There is plenty of money to be made in sweeteners; in 2012 the global sweetener market was at $77.5 billion and is expected to reach $97.2 billion by 2017. While sugar controls roughly 85% of the sweetener market, many Americans are trying to cut down on their consumption of sugar by switching to natural zero calorie sugar substitutes, which is why companies that grow, produce, or utilize stevia (the fastest growing natural zero calorie sugar substitute on the market) are worth watching. For those who don’t know, stevia is a shrub that is native to South America and contains roughly thirty different steviol glycosides. Some of these compounds are called rebaudiosides, with rebaudioside A (Reb A) being the most abundant and the sweetest (and least bitter). In the past, stevia could only be found in products in Asia and on shelves in health food/exotic stores in the U.S. (but labeled as a dietary supplement and NOT a sweetener or food due to FDA bureaucracy).
But in the past few years stevia has found its way into the mainstream market as companies like The Coca-Cola Company (NYSE:KO), PepsiCo, Inc. (NYSE:PEP), and Monster Beverage Corp (NASDAQ:MNS) have incorporated the sweet extract into its growing lines of zero to low calorie beverage products. Even Starbucks Corporation (NASDAQ:SBUX) adds stevia to sweeten its canned Starbucks energy drink, Refreshers. As stevia continues to evolve and gain in popularity, the World Health Organization sees stevia could eventually replace 20-30% of all dietary sweeteners.
While some may see stevia as the “holy grail” of zero calorie natural sugar substitutes, there have been issues that have slowed the progression of stevia, such as a bitter aftertaste characteristic of the product. Stevia is also expensive to produce compared to the cheap chemical artificial sweeteners like aspartame or Splenda, add to that the consistency of the supply line of the actual stevia leaf can vary. However, these issues are being addressed by stevia growers and producers, and the next generation of stevia extracts appear to be closer to the “holy grail” of a natural zero calorie sugar substitute.
Recently giant food conglomerate, Cargill announced it had partnered with the Swiss biosynthetic pharmaceutical company, Evolva (EVE:SW), to develop a more consistent and less expensive stevia sweetener via Evolva’s microbial fermentation-based process. This is big news for the future of stevia because a microbial fermentation-based process does not have to rely on soil conditions or weather, and stevia can be manufactured anywhere, thus having the potential of guaranteeing an endless supply line of stevia.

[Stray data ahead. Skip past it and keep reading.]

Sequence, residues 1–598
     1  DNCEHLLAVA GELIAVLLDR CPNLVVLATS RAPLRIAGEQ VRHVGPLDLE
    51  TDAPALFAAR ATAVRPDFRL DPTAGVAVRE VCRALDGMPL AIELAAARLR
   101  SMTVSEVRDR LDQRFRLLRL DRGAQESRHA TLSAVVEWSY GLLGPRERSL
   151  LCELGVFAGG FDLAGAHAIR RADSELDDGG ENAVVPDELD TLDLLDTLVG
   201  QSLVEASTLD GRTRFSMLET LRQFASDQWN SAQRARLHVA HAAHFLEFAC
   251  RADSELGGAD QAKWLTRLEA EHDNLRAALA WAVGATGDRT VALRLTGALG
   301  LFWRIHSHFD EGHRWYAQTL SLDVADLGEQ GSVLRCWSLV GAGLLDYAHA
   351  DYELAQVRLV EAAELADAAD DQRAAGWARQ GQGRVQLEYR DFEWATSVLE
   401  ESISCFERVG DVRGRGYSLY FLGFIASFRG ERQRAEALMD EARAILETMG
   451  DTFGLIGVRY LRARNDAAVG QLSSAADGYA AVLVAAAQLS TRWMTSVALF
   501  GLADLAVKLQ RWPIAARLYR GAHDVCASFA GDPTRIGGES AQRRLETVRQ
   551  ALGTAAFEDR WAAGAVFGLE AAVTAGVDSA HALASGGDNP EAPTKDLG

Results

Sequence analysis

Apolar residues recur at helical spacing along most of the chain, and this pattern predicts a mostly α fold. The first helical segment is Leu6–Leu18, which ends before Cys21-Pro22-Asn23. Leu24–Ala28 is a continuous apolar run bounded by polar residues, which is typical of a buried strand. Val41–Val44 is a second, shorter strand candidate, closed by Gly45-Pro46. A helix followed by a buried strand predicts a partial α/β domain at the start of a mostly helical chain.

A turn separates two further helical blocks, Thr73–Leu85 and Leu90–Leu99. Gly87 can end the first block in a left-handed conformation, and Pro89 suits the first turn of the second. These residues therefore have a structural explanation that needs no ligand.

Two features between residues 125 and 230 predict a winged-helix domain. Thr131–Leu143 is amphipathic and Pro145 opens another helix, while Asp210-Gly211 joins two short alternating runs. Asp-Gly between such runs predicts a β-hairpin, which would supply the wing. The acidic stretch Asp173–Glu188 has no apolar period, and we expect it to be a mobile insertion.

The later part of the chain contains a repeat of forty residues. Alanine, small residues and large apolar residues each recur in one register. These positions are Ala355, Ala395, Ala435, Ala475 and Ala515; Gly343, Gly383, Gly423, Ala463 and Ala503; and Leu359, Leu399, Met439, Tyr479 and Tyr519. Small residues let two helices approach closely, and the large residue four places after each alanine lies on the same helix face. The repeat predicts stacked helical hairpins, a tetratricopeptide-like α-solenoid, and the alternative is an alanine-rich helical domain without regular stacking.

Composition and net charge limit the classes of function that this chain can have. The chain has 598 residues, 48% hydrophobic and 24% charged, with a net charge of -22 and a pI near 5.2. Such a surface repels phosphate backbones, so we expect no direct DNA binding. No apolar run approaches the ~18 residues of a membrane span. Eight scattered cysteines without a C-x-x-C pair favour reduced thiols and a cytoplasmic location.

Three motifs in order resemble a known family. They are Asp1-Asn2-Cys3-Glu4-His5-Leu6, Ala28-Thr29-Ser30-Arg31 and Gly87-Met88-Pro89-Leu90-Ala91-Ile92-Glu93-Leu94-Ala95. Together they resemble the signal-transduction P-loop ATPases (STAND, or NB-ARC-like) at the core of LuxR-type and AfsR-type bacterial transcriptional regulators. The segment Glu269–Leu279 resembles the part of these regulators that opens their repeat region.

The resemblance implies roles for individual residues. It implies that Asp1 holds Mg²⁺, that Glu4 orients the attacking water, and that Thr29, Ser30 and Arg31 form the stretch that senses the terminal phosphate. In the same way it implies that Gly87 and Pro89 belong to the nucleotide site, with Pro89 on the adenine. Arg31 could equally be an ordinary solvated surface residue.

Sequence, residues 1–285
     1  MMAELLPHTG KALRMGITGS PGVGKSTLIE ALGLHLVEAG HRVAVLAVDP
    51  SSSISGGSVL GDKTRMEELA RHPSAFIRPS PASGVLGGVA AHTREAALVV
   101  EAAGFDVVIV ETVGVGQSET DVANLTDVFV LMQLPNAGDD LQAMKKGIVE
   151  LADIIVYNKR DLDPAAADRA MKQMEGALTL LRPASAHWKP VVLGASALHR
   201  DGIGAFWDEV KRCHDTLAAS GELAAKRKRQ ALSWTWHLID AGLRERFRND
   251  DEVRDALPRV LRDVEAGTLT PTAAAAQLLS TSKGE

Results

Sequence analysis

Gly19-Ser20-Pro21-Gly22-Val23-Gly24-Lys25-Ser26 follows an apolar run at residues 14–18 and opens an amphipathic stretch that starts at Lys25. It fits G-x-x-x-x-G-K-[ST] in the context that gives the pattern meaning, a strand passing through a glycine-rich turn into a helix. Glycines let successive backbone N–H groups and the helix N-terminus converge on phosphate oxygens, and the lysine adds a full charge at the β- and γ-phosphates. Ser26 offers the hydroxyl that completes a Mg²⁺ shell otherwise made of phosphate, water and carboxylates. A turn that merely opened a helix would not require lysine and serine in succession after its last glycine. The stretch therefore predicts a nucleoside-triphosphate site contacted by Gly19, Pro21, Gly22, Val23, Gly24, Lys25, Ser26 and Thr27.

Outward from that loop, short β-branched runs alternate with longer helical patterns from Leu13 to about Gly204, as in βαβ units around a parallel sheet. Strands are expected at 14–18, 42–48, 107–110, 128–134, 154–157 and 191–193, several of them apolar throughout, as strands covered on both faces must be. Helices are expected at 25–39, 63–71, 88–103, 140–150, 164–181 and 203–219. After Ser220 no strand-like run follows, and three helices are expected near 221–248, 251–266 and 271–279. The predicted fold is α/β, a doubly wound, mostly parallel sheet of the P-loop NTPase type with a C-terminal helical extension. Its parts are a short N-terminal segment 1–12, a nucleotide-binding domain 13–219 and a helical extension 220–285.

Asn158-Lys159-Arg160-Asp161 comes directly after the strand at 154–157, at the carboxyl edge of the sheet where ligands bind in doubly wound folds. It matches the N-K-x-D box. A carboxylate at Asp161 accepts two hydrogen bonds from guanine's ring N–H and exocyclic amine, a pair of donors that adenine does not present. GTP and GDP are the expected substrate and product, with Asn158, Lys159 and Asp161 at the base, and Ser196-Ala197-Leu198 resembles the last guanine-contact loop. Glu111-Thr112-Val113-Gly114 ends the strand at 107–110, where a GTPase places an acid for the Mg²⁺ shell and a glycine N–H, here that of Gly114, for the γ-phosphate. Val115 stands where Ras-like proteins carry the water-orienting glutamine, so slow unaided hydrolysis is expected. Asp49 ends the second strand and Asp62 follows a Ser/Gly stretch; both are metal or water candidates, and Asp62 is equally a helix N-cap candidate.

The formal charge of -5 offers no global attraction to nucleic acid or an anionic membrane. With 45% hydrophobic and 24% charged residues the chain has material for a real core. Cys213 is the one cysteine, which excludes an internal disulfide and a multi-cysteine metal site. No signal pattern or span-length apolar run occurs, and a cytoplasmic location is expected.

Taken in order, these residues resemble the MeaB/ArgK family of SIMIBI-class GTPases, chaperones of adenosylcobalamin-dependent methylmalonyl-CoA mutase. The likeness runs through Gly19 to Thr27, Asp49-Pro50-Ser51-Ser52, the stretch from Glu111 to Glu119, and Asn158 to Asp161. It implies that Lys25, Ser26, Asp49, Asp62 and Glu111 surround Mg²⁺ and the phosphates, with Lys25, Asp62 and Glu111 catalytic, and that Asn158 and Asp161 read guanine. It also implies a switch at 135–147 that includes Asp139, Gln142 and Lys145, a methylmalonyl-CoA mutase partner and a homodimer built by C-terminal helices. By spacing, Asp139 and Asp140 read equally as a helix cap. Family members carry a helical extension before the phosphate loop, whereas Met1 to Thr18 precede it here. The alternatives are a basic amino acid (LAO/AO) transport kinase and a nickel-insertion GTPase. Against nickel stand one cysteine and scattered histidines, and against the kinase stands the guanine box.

Through the microbial fermentation, the manufacturer has the capability to process the key sweet individual components of stevia using low-cost plant sugars, and allows for the individual components of stevia, regardless of how minute, to be developed creating blends in any volume, which then could open the door for these manufacturers to fine-tune its stevia to local tastes. But what would be most attractive is that, because the fermentation process does not require the entire plant, the method could conceivably shave upwards of 70% off the cost of producing stevia extracts.
Cargill and Evolva are not the only companies developing stevia via a fermentation-based process. Stevia First Corp (OTCMKTS:STVF), an early-stage agribusiness based in California’s Central Valley, with its sights on being the first vertically integrated stevia company, has been developing its own stevia microbial fermentation-based process (through a license by Vineland Research and Innovation Centre of Canada). Recently the company announced its “Beyond Reb A” research program, aimed at producing not only Reb A, but also Reb D and Reb X, two glycosides found in small amounts in the stevia leaves that have been identified as the next-generation of stevia sweeteners.
Over the past three months there has been what appears to be positive movement in the company’s development. In May, Stevia First announced it reached pilot-scale functionality and continues toward commercial production capability of its fermentation process. Then in a July 8th press release, Stevia First Corp (OTCMKTS:STVF) announced that it was able to demonstrate the production of the more desirable and high-value steviol glycosides, such as the rare Reb D and Reb X, via its fermentation technology. If mass-produced at a lower cost, this would give Stevia First an attractive commercial advantage.